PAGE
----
Gelatin Silver, Love

January 20, 2011

Gelatin Silver, Love (Japan, 2009)

A middle aged man moves to a rundown building. His aim is to videotape every move of a woman living next door. Little is explained, or said – the first lines of dialogue come 25 minutes into the movie.

Photographer turned movie director Kazumi Kurigami’s fascinating arthouse thriller is painted in black & blue, with razor sharp focus on detail and atmosphere. It’s a photographic mystery disguised as thriller, a mystery where the challenge is to find the mystery itself.

Another Sakuran this is not. Fashion photographer Mika Nishikawa’s film debut from a few years back was a lackluster pastel color explosion with Ringo Shiina’s punk-pop soundtrack. Kurigami’s film is anti-Sakuran.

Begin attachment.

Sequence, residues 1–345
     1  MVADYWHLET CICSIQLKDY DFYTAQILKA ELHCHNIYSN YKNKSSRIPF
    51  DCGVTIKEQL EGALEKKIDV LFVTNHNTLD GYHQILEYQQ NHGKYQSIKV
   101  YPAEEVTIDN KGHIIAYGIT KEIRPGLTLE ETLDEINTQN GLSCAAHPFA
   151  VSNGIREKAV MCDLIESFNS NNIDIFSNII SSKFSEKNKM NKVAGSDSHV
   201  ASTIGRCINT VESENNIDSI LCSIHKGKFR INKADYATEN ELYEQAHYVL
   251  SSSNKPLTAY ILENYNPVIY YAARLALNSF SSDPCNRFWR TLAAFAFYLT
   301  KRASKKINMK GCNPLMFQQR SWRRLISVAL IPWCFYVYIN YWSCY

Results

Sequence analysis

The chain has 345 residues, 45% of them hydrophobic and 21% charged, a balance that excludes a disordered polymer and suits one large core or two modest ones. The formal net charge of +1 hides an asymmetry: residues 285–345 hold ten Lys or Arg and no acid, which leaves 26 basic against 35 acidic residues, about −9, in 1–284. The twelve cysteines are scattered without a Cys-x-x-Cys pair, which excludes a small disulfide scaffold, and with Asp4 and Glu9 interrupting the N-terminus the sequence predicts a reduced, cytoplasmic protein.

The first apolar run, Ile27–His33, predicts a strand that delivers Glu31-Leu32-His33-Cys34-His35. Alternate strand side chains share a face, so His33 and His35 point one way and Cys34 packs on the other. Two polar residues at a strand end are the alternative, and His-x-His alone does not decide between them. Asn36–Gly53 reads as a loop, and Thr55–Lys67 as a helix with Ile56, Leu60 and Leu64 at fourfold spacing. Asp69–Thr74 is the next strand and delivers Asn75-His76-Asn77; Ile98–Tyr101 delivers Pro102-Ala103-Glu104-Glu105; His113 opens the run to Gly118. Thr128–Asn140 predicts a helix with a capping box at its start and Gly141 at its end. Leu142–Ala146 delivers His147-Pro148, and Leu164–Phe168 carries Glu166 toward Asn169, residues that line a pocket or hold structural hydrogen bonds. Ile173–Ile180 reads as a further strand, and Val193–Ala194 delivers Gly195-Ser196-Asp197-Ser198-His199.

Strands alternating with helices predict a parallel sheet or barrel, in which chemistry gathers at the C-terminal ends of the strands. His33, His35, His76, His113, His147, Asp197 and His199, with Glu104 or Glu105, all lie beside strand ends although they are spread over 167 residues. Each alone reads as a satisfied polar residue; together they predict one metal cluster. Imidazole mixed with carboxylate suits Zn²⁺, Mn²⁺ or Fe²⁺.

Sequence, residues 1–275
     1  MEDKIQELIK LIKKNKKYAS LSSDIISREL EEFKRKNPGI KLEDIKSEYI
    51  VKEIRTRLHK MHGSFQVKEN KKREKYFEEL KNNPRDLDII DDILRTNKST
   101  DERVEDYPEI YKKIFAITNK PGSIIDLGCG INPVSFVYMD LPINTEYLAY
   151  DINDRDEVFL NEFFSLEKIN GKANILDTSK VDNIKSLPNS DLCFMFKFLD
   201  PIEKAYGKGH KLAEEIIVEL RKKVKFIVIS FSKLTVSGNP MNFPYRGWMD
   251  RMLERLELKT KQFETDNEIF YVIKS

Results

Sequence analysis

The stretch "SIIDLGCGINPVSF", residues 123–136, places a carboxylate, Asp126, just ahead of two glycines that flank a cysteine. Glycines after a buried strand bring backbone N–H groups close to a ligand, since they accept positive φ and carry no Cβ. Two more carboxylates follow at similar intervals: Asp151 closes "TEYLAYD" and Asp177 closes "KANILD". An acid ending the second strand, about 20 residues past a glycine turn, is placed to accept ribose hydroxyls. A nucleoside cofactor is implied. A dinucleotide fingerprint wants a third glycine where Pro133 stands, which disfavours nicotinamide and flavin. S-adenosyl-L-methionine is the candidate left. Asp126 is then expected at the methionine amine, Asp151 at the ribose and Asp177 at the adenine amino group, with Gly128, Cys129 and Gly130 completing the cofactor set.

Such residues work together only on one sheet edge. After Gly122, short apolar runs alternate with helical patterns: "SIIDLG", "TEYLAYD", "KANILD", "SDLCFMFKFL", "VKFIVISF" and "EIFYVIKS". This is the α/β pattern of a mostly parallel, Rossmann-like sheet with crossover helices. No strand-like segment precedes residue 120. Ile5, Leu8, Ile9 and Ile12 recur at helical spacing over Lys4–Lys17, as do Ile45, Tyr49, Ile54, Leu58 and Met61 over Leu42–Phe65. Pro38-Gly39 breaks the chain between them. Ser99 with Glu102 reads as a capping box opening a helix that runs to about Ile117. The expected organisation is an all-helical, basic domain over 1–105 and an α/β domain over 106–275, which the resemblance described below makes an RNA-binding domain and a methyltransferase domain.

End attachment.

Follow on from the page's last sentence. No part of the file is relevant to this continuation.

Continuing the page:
Masatoshi Nagase stars. The target of his camera, Rie Miyazawa, has been in the focus before – the popular idol wrecked her career in the early 90’s by appearing in nude photos, but has made an impressive comeback in the 2000’s.

Less attention could be given to Miazawa’s half-boiled egg obsession. But Kurigami’s dark view of beauty is not for everyone. Nor is the sedate pace that alone will eliminate the non-qualified viewers.

The soundtrack comes with questionable but not all that bad guitar riffs. Yousui Inoue’s melancholic Love Lila is a different story. It’s the most fitting ending song in ages – one that indentifies the entire film.

Also props for director Kurigami for making his movie debut – at the age of 72.


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